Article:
Fifty new citizens were welcomed to the United States at a naturalization ceremony that was staged at Omaha’s Gerald R Ford Conservation Center in Nebraska on July 15th, the Omaha World Herald claims. Voter registration forms were then filled out by the newly inaugurated citizens following the ceremony, who are now faced with the task of adapting to American culture.
“Today is a great day for us,” claimed Iraqi immigrant Mohammed Alhamandani. “We feel it’s the first time ever that we belong somewhere. That we have a country. That we have a community. That we have something we’re attached to.”
People from as many as 25 different countries including Ethiopia, Mexico, Thailand, Canada, Iraq and Romania were given their introduction as US citizens and had to recite the 140-word oath of allegiance in order to state their loyalty to the United States. The World Herald says that the new citizens also had to renounce any allegiance to any foreign state and gave a pledge to defend and support the Constitution and the laws of the nation, as well as to serve in civilian and military roles whenever necessary.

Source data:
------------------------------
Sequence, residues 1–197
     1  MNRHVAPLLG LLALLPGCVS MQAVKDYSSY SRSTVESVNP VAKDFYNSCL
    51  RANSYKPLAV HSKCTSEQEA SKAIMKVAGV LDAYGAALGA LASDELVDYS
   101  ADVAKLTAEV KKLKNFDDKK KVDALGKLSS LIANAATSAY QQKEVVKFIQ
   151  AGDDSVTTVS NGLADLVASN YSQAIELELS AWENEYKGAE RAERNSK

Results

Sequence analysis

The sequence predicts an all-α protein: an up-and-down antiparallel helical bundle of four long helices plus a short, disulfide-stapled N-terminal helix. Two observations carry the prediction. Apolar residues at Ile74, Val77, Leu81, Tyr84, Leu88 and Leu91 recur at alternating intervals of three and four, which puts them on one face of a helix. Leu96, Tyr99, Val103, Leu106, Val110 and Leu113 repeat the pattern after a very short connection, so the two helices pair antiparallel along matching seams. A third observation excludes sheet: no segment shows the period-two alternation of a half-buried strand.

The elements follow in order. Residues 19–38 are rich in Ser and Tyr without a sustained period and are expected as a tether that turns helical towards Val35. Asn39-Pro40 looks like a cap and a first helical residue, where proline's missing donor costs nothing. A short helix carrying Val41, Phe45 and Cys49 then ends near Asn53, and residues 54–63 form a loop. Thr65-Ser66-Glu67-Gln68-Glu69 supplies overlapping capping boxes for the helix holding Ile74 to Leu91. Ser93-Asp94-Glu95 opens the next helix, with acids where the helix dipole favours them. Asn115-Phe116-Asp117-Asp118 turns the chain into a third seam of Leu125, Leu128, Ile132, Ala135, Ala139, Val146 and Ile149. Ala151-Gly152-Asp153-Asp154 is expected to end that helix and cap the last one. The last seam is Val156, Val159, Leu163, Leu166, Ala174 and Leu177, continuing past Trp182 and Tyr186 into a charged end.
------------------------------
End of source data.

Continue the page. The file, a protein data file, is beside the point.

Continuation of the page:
In Nebraska, between 1,600 and 2,800 people gain US citizenship every year, according to the source, with around 757,500 being naturalized as US citizens all over the country in 2012. The great majority of these new citizens came from the Philippines, the Dominican Republican, China, India and Mexico. On July 10th a further 45 new citizens were welcomed at a naturalization ceremony that took place in Elgin in Illinois.